Lexmark X 7170 All-in-One Multifunction Printer
A few months ago, I purchased a Lexmark X7170 All Purpose Printer. The “all purpose” refers to the fact that it is also a copier, scanner, fax machine, and photo printer, features that can be accessed independently of a computer. I go through a lot of printers, not because of hard use, but because the inexpensive printers on the market today have very short half lives, not much over a year, I think. Most of the time something goes bad in the feeding mechanism and I suspect it would not be difficult to repair, but I like buying new things, anyway and always talk myself into one more feature so that it won’t be a lateral move. This was inexpensive, anyway, about $120.00 at Sam’s Club. I chose this particular machine because I believed (mistakenly, as it turned out) that I had a number of ink cartridges for it. The printer that it was replacing was about a two year older Lexmark multifunction that was in the same series. So, silly me, forgetting the ink game played by the printer manufacturers, I thought it might use the same cartridges. The game is simple; try to make it necessary to buy as many of the ridiculously overpriced cartridges as possible. That entails constantly changing them so that they are not interchangeable, design them not to be refillable, and make printers that don’t last very long. This, of course, is why printers are inexpensive. As long as you use them only as paper weights, you can have quite a collection for a reasonable sum of money. However, even if they last a while, if you use them for actual printing, they tend to be quite costly. More about this, later.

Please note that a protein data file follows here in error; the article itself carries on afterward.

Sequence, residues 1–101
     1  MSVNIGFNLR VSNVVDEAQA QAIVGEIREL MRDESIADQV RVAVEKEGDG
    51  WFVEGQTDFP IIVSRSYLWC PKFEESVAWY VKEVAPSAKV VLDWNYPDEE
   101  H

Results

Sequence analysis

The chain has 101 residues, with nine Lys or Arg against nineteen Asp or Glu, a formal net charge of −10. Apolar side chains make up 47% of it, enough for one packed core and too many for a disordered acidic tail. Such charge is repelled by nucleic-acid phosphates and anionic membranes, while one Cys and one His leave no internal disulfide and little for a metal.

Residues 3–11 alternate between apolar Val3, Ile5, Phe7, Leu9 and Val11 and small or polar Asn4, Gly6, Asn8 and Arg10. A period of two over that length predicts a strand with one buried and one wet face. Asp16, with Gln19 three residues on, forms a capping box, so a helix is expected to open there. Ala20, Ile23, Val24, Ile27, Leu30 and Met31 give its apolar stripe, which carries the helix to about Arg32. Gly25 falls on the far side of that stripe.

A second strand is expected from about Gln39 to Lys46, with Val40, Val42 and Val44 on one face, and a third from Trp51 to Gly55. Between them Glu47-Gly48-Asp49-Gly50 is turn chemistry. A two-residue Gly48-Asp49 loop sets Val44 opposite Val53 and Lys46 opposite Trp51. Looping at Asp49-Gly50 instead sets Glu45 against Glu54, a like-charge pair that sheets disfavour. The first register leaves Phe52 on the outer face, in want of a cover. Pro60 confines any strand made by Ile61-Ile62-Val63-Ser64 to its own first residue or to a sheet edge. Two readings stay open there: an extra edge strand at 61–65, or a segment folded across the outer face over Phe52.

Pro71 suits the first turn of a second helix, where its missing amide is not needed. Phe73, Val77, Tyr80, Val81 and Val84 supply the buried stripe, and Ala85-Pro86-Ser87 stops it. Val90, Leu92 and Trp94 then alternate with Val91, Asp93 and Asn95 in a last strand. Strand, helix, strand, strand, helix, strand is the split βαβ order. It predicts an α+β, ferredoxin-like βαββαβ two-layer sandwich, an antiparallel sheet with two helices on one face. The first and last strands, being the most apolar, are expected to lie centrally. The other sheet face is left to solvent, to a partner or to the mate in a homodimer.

First, a few facts. It came in a frighteningly large box, reflecting the fact that it is a rather bulky printer. It is roughly 19 ï¿½ ” wide, 16 ï¿½” deep, and 13″ high. The height does not include the height of the lid when opened to insert items to scan, so you need at least a little larger space for access. Although this is rather large for a modern printer, it does save the space that you would devote to other machines, granted that it actually performs all the tasks it claims. It does, reasonably well, too. It has a control panel that just out in front with a small, blue lit LCD screen for status and functions. This panel is also a phone pad for the fax machine. In addition, there is a “Pict-Bridge” receptacle on the front, allowing direct access to your camera for the ‘photo printing’ function.
There is supplied software for organizing and manipulating files, as well as converting them to PDF format. The printer and software are compatible with any Windows or recent Mac operating systems. The paper tray accepts a wide variety of paper types, including cards, envelopes, photo paper, transparencies, and iron on transfers.
Printing: The print quality is acceptable in the automatic mode and the speed is reasonable. A test sheet of Ariel Black text printed in nine seconds on the “automatic” quality setting. However, on best print mode, the same sheet took 34 seconds, a bit slow for a long document, but the quality was markedly improved. Paper handling was good, in fact better than any other inexpensive desktop printer I have owned (except an old laser, which wasn’t so inexpensive). It does jam on occasion, but it is not a serious problem, as with some machines. It has a very large paper capacity, depending on the type of paper.